Montana Marathon

As we all know, 2020 was a tough year.  When my Brother Corey sent me a message asking if I’d join him in Montana for some fishing in August, there was no way I was going to turn him down.  Corey had been out there a few times hiking and fishing with his girlfriend, and you can find some of his Expedition reports on the website.  I really looked forward to seeing some of these opportunities that he’s found, but also was excited to go to a few areas where Corey had not been so we could explore them for the first time.

We left Minneapolis early on Saturday morning, and drove straight through to Billings, MT where we stopped at Cabela’s to procure our licenses.  The friendly lady helping us noticed we were from Minnesota and of course told us we should go fish in Ft Peck reservoir, where the walleyes are biting good right now.  Yes, there are lots of walleyes in Minnesota.  Right, we drove out here to fish walleyes.  Good one.  Our sights were set solely on salmonids this trip, and if everything went right I could add three to my lifelist.

After reaching our first area we found a pretty busy pay campground, but it was close to a spot we wanted to fish and it was already getting dark so we claimed the only vacant site. We quickly left camp and the first spot we stopped at was one Corey had fished a couple times in the past and found success.  A small mountain lake funnels down into an outlet here and the current gradually increases.  I believe Corey’s first mountain whitefish was caught here, and that is exactly what I was looking for.

Click on photos to enlarge. 

This was a gorgeous spot.  As I rigged up my 4 wt flyrod, my eyes were glued to a nice deep slot on the other side of a large mid-stream boulder.  It seems like mid-stream boulders are a good spot to try just about anywhere.  Though the evening light was fading, I swear I could see dark shapes milling around in the current.  A few small fish were rising to a late evening spinner fall here as well.  I finished tying on a small pink squirrel nymph and waded into the outlet carefully so I wouldn’t spook the fish.  Getting closer, I now saw clearly four good fish hanging in that current slot and began drifting my fly through it.  First came a small rainbow trout, then I got just the right drift and hooked a bigger fish.  It twisted in the current and sloshed – whitefish!  Bringing it into the rocky shallows, the fish took a few fast charges through the rocks and back into the deeper run.  I almost had him in my net, then the fish took one last run and the hook pulled out.  

Corey had caught a couple of rainbows below me, and now set hooks into a whitefish.  He played it well and netted the good-sized fish.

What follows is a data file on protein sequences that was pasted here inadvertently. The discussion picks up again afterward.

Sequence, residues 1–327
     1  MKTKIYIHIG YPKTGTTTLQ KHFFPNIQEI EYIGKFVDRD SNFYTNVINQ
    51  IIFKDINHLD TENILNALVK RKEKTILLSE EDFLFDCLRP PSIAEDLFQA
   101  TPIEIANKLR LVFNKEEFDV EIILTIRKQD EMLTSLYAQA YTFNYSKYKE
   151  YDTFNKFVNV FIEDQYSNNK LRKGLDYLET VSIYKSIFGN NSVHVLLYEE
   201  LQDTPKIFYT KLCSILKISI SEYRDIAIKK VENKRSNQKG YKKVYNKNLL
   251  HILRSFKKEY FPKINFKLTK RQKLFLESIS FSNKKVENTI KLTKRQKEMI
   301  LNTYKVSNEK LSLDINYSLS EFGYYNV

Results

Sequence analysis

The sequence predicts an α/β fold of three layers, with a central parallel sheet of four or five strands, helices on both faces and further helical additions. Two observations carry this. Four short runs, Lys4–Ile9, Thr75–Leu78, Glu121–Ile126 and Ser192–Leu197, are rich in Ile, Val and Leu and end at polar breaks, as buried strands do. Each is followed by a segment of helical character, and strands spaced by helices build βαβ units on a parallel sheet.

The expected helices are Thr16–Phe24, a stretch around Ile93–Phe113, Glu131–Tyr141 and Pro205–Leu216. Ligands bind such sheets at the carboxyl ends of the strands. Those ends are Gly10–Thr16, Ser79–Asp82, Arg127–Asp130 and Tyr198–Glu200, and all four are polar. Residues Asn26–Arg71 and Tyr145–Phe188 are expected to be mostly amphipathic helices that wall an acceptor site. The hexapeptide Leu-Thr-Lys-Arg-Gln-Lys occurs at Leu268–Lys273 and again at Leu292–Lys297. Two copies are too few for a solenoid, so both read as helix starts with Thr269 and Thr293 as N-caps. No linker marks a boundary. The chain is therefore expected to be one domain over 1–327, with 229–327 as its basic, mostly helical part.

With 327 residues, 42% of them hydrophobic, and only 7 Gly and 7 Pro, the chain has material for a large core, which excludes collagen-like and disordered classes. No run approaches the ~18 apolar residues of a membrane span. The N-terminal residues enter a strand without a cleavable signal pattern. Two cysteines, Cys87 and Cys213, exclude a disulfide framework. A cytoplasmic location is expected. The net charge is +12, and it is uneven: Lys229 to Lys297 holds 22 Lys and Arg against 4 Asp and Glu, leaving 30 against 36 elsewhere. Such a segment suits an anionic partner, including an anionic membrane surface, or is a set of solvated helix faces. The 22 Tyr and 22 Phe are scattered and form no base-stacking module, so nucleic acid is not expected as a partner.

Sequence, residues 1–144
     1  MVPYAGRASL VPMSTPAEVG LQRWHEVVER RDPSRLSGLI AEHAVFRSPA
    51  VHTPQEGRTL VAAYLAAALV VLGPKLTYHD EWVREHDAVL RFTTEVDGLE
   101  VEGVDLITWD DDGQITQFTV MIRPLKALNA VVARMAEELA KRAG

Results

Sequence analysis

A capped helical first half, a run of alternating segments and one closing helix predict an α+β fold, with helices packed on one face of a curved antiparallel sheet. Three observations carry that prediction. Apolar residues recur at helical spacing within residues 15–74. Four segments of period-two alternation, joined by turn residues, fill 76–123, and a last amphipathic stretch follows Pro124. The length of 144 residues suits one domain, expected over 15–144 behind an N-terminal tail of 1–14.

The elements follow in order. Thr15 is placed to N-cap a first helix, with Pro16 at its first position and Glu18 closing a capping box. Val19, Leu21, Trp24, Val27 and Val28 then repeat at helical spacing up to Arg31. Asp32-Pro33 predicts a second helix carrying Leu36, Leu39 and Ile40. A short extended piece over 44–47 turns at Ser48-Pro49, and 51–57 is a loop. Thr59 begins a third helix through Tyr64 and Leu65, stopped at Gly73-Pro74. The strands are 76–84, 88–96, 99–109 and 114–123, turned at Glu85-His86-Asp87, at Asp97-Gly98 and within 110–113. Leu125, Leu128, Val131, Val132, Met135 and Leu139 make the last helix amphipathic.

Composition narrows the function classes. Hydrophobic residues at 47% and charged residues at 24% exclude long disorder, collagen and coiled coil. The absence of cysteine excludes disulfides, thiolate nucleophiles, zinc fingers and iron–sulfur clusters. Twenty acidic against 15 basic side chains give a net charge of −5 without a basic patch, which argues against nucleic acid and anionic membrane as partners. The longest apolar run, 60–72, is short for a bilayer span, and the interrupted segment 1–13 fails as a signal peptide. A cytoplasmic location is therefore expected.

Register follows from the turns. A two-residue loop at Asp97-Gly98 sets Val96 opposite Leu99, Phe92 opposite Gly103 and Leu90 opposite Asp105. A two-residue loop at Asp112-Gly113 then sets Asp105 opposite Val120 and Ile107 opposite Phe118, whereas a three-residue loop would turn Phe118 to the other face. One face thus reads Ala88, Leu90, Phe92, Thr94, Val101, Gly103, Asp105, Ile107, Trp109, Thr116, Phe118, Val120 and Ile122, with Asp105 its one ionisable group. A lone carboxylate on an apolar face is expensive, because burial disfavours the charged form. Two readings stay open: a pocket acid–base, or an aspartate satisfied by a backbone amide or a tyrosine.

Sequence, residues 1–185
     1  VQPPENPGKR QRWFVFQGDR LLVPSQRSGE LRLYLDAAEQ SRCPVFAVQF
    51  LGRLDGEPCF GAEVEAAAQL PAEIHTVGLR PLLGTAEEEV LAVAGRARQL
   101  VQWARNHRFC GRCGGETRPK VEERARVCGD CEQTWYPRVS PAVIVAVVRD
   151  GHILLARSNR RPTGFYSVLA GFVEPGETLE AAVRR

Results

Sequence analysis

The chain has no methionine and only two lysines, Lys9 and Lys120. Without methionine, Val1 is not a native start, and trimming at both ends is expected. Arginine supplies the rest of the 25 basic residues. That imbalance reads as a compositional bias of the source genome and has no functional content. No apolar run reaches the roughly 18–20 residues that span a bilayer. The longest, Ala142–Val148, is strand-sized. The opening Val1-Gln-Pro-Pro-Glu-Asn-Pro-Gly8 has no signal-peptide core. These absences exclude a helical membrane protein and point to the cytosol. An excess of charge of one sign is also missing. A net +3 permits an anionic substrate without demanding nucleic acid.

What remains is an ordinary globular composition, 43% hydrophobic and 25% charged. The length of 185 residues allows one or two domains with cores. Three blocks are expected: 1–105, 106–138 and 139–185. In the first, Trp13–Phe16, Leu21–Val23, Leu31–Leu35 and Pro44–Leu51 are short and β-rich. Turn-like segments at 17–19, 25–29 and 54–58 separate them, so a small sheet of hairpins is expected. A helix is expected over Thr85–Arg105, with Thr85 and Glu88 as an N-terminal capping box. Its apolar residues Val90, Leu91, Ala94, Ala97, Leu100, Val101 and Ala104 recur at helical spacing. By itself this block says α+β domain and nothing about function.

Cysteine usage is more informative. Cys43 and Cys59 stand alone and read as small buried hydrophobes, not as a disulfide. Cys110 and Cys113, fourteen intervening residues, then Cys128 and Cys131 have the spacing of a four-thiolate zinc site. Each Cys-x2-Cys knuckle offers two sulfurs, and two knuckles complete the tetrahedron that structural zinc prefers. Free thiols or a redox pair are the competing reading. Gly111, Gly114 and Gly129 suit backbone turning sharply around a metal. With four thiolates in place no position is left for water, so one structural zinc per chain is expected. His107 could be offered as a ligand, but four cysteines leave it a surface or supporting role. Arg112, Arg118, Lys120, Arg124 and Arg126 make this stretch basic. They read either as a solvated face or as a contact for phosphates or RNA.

I continued to fish as darkness fell, and soon hooked up again.  This time the small hook held and my first ever mountain whitefish was in the net – what a cool fish and I was happy to catch a fairly sizable one!

It was really getting dark now, but Corey hooked another big whitefish.  These fish impressed me with their fight, and this one in particular gave Corey a great battle.  He landed it, though, and we snapped a photo in the dark.


Nighthawks were swooping around us on the river as we soaked up the success – it was a great session over the last 45 minutes before dark.  We headed back to camp to set up the tents, eat smoked pork sandwiches and get some rest before traveling to a new area.

In the morning, we decided to head for the West Boulder valley.  

There was a campground there at the end of the road just before the Trailhead, and we planned to stay a few days.  By the time we arrived and set up camp, it was getting pretty hot so Corey found some shade to relax and I tested the waters around camp.  Not much was doing in the heat of the day, but I did catch a couple small browns under a footbridge that marks the upstream boundary.  Above there the river runs through a private ranch for a mile or so, then the National Forest lands begin and it is our public Wilderness for countless miles.


I worked downstream toward camp a bit and found a little sunny riffle and spotted some fish holding.  I drifted a small nymph there and caught three mountain whitefish.  They were actively attacking my little pink squirrel in the quick shallow water.

The next morning we planned to hike up from the trailhead a few miles, looking to find some cutthroat trout in this section of the West Boulder.  Just as were beginning our hike, I snapped a photo of the Absaroka Beartooth Wilderness sign.  Corey took a photo of me standing next to the sign, then he said, “There’s a bear”.  

Sure enough, a grizzly was coming out of the woods into a clear spot about 30 yards away.  The bear quickly noticed us and scrambled off, moving through thick cover.  A few seconds later we saw it climbing a steep bank on the opposite side of the river, meaning the bear crossed it to get away.  My brother and I usually see a grizzly when we venture into the mountains, it seems.  You can actually see a small blur of Grizzly in the photo above, just inside the woods on the right side.